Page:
Alonzo Weston

Tis’ the season to watch out for scammers. Well it’s any season really, but scammers like to prey on the elderly during the holiday season.

Perhaps the saddest story I’ve reported about scams some years back was when I interviewed a Midtown elderly couple who were in their 80s.

Kids’ pictures hanging on the wall inside their small home showed they were loving grandparents. The sweet grandmotherly smell of baking cookies hit you as soon as you entered their house. The furniture and what-nots in their quaint little home looked right out of a 1960s Sears catalog. Even their TV was not a new flat-screen model but one with tubes and a grainy, staticky picture.

As testament to their age and frailty, what seemed like hundreds of prescription bottles covered the dining room table — her medicines on one side and his on the other.

How could anyone hurt these people? Maybe as part of their sentencing when arrested, scammers should be forced to visit a home like this to see who they’re actually hurting.

Their story is sadly typical but no less heartbreaking.

The husband suffered from dementia, so the wife answered all phone calls. But one week she had to leave town to go visit sick relatives or something and left her husband home alone. That was when the scammers struck. A peachy opportunity for doing evil.

The scammers talked the old man out of $5,000 of their savings. Savings they never recovered.

I’m constantly watching over my mother, who is also in her 80s, against scammers. I tell her don’t talk to them and hang up immediately.

They are crafty and know how to work every situation. I’ve been fooled by scammers a couple of times, but fortunately I caught on before it was too late.

One popular scam is to say they are calling from Social Security and your benefits will be cut off if you don’t go to Penney’s department store and buy a few thousand dollars worth of gift vouchers. Someone would meet you in the parking lot to receive them. They sounded so convincing I drove to Penney’s. Me, a so-called educated reporter. I called my wife and she saved me from making a foolish mistake. I even visited the police department to report the incident and they warned me it was a scam.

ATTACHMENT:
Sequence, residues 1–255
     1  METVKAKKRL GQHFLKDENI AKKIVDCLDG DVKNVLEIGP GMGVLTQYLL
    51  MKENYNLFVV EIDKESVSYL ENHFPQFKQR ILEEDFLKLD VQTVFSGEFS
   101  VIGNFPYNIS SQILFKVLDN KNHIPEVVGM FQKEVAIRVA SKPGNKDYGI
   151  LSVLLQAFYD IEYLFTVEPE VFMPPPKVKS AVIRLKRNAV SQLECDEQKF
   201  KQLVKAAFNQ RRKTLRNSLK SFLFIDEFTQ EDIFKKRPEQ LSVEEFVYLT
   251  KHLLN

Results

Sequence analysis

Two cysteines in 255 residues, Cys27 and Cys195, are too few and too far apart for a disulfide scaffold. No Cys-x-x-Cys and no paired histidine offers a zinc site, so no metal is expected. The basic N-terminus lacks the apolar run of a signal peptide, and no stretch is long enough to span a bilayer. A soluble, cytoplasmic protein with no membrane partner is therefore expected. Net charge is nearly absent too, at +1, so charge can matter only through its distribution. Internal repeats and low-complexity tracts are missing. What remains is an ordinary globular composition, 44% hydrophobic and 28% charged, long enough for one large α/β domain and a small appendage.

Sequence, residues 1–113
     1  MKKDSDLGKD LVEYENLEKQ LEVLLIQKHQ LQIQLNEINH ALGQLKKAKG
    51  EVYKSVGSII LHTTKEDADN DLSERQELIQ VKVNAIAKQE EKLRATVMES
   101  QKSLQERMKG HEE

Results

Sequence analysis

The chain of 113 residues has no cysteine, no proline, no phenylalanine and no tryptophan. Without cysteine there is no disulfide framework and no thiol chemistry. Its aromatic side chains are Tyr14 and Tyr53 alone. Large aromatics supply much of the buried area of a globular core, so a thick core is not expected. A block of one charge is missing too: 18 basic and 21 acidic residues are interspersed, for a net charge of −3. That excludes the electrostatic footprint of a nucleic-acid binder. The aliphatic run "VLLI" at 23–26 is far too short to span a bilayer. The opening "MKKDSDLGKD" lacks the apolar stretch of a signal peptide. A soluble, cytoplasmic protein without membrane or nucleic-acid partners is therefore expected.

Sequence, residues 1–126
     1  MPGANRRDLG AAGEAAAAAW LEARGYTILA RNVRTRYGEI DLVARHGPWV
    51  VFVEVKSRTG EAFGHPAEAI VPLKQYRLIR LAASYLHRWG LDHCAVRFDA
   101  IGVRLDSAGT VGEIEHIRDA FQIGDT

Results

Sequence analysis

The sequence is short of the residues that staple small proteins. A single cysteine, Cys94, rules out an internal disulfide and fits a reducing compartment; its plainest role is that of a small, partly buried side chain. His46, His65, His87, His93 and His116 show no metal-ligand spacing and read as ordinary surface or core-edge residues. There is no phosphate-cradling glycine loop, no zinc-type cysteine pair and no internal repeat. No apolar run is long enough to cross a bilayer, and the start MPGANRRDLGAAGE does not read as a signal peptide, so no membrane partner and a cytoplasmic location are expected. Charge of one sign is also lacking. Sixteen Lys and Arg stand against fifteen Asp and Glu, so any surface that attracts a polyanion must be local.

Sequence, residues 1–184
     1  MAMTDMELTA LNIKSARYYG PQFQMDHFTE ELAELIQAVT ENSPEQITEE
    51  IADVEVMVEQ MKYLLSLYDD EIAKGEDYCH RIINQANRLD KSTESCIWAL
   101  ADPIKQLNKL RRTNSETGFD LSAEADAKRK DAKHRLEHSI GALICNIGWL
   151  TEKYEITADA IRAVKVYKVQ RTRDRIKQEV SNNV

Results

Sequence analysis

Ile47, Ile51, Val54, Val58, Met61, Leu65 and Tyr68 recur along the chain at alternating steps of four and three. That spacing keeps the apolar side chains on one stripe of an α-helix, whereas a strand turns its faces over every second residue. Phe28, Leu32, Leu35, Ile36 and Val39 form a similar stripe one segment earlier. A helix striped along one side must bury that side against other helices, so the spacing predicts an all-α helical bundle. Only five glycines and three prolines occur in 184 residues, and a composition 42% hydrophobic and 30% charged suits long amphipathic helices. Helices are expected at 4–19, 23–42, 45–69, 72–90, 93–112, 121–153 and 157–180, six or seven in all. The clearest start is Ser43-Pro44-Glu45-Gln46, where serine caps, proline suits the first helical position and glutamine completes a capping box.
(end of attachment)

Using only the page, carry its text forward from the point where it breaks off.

The Social Security scam is the most popular one among crooks. They can even spoof the actual Social Security office phone number to fool potential victims.

Then there is the “grandparents scam” where the call an older adult gets is from someone pretending to be a grandchild involved in an accident or legal trouble who needs someone to send money immediately.

The Federal Trade Commission reported that instead of using gift cards or wire transfers, many seniors were sending cash to these crooks. This scam resulted in a median individual loss of $9,000.

The scam approaches are plenty.

There are internet scams, sweepstakes and lottery scams, investment schemes, counterfeit prescription drugs and funeral and cemetery scams, just to name a few.

The national Council on Aging suggests those who have been a victim of a scam call the local police, your bank and adult protective services in your area. Resources can be found through the government-sponsored national resource line at 1-800-677-1116.

Be safe, watch out for scammers and have a Merry Christmas.

Alonzo Weston can be reached at Follow him on Twitter: @SJNPWeston.